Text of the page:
Former Soviet President Mikhail Gorbachev on the placement of a US Missile Defense system in Eastern Europe: "This is a system that is being created against Russia"
The Bush Administration has been pushing for the installation of a missile defense system close to Russia's borders with radars in the Czech Republic and ten ground based interceptor missiles in Poland. President Putin has offered President Bush the use of bases in Azerbaijan and southern Russia that could host a joint missile defense system to counter the threat of Iranian missiles targeted at Europe. Yet the Bush Administration continues to insist on placing ground based interceptors 2,000 miles away from Iran. The system is said to target the potential threat from the Islamic Republic regime in Iran, however, the actions of the White House don't seem to match these words. Mikhail Gorbachev, 76, who is admired in the West for hastening the end Communism in the Soviet Union and its satellites said: "Milos Zeman, the former Czech prime minister, said, 'What kind of Iran threat do you see? This is a system that is being created against Russia,' I don't think Zeman is alone in seeing this. We see this as well as he sees it."
Russian Foreign Minister Sergei Lavrov recently said that Washington continues to insist that its missile shield plans in Europe were linked to the potential missile threat from Iran. "They still say that," he said according to Russia's RIA Novosti news agency. "But there must be some lack of coordination here because the Czech premier has repeatedly said that they need components of the U.S. missile defense on their territory to protect themselves from Russia." Lavrov added that Polish leaders had previously made identical statements. He said that the written U.S. proposal on missile defense constituted a material rollback from verbal agreements that had been reached in Moscow in October. "We have top class experts, military planners, who can see how it will affect our security and who will have to take retaliatory measures," the Russian Foreign Minister declared upon his return from a U.S.-hosted Middle East peace conference in Annapolis, Maryland.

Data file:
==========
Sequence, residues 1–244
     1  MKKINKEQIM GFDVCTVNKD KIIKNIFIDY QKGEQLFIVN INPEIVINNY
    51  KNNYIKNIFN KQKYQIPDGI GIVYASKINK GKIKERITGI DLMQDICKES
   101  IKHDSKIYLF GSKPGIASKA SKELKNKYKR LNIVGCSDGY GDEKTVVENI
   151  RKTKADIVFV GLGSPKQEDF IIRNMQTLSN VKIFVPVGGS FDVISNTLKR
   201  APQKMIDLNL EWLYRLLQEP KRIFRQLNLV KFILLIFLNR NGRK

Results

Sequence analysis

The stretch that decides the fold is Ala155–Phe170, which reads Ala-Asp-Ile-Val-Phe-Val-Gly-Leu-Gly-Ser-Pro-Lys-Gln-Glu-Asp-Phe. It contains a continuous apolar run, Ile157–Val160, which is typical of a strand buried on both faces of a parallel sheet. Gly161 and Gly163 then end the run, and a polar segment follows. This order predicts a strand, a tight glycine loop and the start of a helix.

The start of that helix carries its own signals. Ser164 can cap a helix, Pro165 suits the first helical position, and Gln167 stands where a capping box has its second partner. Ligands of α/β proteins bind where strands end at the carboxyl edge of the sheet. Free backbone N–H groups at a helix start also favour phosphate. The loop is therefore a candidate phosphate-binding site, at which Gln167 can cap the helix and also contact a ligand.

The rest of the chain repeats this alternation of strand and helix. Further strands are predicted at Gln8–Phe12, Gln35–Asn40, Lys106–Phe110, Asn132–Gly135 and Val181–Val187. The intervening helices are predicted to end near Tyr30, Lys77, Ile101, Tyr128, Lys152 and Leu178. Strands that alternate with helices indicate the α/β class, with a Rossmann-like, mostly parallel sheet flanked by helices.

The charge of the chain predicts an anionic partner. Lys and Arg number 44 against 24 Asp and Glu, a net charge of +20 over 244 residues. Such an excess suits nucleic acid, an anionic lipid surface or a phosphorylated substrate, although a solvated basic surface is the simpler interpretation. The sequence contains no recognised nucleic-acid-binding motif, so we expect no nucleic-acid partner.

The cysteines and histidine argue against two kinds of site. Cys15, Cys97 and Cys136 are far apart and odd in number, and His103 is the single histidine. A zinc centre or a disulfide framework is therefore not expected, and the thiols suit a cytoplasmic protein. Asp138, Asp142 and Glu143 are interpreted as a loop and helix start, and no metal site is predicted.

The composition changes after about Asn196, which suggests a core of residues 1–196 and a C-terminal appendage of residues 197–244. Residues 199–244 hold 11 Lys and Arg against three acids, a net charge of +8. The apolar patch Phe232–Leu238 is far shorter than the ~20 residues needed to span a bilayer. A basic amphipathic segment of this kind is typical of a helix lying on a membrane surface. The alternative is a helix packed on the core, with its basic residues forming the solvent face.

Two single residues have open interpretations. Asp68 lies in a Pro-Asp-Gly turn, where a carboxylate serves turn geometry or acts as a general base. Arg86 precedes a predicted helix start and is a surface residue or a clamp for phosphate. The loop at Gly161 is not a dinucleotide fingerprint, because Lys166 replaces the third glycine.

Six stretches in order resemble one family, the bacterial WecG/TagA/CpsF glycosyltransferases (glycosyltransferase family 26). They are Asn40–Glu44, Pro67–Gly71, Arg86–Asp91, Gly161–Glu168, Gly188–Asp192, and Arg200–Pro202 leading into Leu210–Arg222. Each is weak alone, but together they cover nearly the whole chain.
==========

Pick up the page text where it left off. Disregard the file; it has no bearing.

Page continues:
Continue reading "Russians Are Saddened, Not Angered
by U.S. Missile Defense System" »
And it is doubtful that Mother Russia will ever see the art again, says VIV GROSKOP.
Special Report by the online daily magazine The First Post
Russian expats wanting to decorate their sumptuous homes and build new art collections gathered in London yesterday for what is expected to be a record-breaking week of Russian art auctions.
Sotheby's kicked off last night with a sale of treasures from private collections across the world, rarely seen in public. The highlight was Natalia Goncharova's Bluebells (see next page), circa 1909, which went for Â£3m. The total take was Â£25.7m making it an historic night, according to Sotheby's head of Russian art, Jo Vickery. "It shows the Russian art market has come of age."
All London's major auction houses have sales this week: on Wednesday, Christie's is due to sell a newly discovered Faberge egg which could fetch as much as Â£9m.
Continue reading "Wealthy Russian Collectors Storm London" »
By Guy Sorman
Two Lamborghinis meet on the streets of Moscow
Photo by: English Russia
Petrodollars are fueling an unprecedented--but precarious--prosperity in Russia's capital.
A look at the New Russia by Manhattan Institute.
Those who knew the Soviet Union before 1991 agree that Moscow is a happier place today. In the old days, the city wore a dark, brooding look. People were poor and afraid; the ruble was worthless, though there was nothing to buy anyway. Imperial Moscow boasted two, perhaps three, restaurants, offering meager fare. The only ones to ply a trade were watchmakers, who made their living repairing old watches--a telling sign of the low level of consumption and innovation. Soviet Russia manufactured weapons, and little else.